Human and machine language must merge to evolve. Twitter gets it, Facebook doesn’t. Here’s why:

I’m a library guy; have been all my life. Best part about the library? The Dewey Decimal System. Now, I know there are those of you out there saying “whoa, slow down there slugger-let’s talk about something a little less exciting than good old Dewey Digits or I might just explode!”

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So let’s talk about something only mildly less exciting – METADATA!

Whaaaaaaaat?!

You don’t find either of those things exciting? Ok, fine, I admit a vast majority of people (including my wife) do not.

Even though you may not find either topic exciting, there is no denying that information classification and management are highly useful these days and a good number of folks would go mental without them.

For generations since the emergence of machine language (which I would argue has been around since before written language due to mnemonic devices in oral cultures – see embed below) we have striven to make the language that machines use more and more like the language that we use. I would argue that what we are doing these days is finally meeting the machines in the middle. We are altering our written language patterns (using certain technologies) to more closely emulate lessons learned from machine language, including the ability to add metadata to our communications (data about the data we’re transmitting, like categories.)

Programmers of code have been doing this for years, but now the general population has a way to do it to. With the Twitter hashtag, we have a machine language habit that has worked its way into the everyday schprect of non-machines and non-machine coding folks – one that for many people has become instrumental in the organization and classification of an increasingly unmanageable flow of information and communication.

Knowing that, I think that one of the most functional UI features of Twitter (though often less discussed) is the # (hashtag.) Hashtags are like machine language for humans. Machine language naturally wants to by on classification-y when trying to organize information (hence things like the Dewey Decimal System, binary, object oriented programming, etc…) and that’s all good and well for machines.

But we’re people and we like to get our classification on in a more literal sense. By that I mean having to do with literature. By that I mean via words that humans understand. Not like these. Like these, but – not like these.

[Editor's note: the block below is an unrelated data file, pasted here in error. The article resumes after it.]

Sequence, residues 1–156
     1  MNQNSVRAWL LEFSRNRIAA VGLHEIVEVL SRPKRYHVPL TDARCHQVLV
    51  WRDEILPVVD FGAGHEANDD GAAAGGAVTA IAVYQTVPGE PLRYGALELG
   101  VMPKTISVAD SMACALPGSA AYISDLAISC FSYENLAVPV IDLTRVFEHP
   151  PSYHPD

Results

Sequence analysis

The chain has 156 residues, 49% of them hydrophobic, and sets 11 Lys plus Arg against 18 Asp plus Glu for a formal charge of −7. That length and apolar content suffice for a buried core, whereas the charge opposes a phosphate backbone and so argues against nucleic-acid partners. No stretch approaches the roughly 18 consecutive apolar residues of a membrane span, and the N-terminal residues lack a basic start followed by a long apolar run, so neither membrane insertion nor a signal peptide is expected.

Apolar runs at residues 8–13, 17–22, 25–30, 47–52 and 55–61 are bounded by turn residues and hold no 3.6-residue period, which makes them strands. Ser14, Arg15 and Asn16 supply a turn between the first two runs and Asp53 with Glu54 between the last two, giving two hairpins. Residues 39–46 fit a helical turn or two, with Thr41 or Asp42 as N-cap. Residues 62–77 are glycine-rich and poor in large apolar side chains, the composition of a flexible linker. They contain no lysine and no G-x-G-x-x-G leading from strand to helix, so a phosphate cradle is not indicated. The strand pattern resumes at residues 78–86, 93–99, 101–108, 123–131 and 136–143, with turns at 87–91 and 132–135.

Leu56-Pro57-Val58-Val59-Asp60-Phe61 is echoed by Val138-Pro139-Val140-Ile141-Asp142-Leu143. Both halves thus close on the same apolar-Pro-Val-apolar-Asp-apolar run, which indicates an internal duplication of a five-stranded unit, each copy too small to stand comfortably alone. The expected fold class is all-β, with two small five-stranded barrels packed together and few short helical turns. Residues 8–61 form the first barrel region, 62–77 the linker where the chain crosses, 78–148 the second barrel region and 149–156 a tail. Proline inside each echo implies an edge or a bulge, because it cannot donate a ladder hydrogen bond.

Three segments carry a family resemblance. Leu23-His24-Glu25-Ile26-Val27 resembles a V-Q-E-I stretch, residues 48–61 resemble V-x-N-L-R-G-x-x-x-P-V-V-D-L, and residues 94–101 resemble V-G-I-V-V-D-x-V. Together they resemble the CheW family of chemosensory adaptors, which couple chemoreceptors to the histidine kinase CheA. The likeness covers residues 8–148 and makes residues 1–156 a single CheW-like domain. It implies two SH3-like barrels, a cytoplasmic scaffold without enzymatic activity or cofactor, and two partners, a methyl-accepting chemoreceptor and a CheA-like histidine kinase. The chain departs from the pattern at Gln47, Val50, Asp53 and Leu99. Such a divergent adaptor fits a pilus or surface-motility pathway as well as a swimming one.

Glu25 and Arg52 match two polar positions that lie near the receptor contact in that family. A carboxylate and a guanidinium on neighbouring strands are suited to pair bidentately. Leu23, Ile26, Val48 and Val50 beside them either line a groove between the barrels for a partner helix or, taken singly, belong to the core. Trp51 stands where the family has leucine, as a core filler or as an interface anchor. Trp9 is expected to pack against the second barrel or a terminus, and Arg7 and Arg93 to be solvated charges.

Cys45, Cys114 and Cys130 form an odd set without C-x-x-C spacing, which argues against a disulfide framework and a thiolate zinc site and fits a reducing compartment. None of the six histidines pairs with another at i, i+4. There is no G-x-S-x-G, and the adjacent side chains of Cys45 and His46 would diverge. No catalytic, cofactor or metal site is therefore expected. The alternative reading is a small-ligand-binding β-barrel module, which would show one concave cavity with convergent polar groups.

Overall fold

Humans like to read words they can understand and classify things into categories that make legible sense (that should be clear by now, I’ve said it a few times.) Case in point, the literal hashtag on Twitter. #caseinpoint

There is so much information coming at us from so many directions today, it makes sense that we would need to develop “smart bombs” of information.

A smart bomb is fired but also keeps in mind things like current location relative to destination.

Our information exchange processes have evolved such that not only do I libraries carry books of information that are tagged with stickers that classify they subject matter for easier retrieval – all our communications need to be tagged that way from the largest to the smallest.

Again with the #caseinpoint of Twitter.

I teach classes about use of Twitter to folks who don’t use Twitter and one of the most successful metaphors for understanding hashtags is to see that symbol (#) and let your brain think “file this under” right away upon seeing it.

That’s what a computer would do. That’s what machines and people who make them do. Now that’s what we need to do.

What suprises me is that this is not what Facebook does. LinkedIn recognized early the value of information classifification by integrating well with Twitter’s hashtags. Even Google+ seems to have been able to get this right.

When will it be that Facebook understand the value of externally classifiable metadata to our posts?

In my opinion they will have to if they want to survive the leap to the next level of evolved human communication, which is an odd combination of the thought patterns of oral cultures and “literate” cultures.

What do you think?

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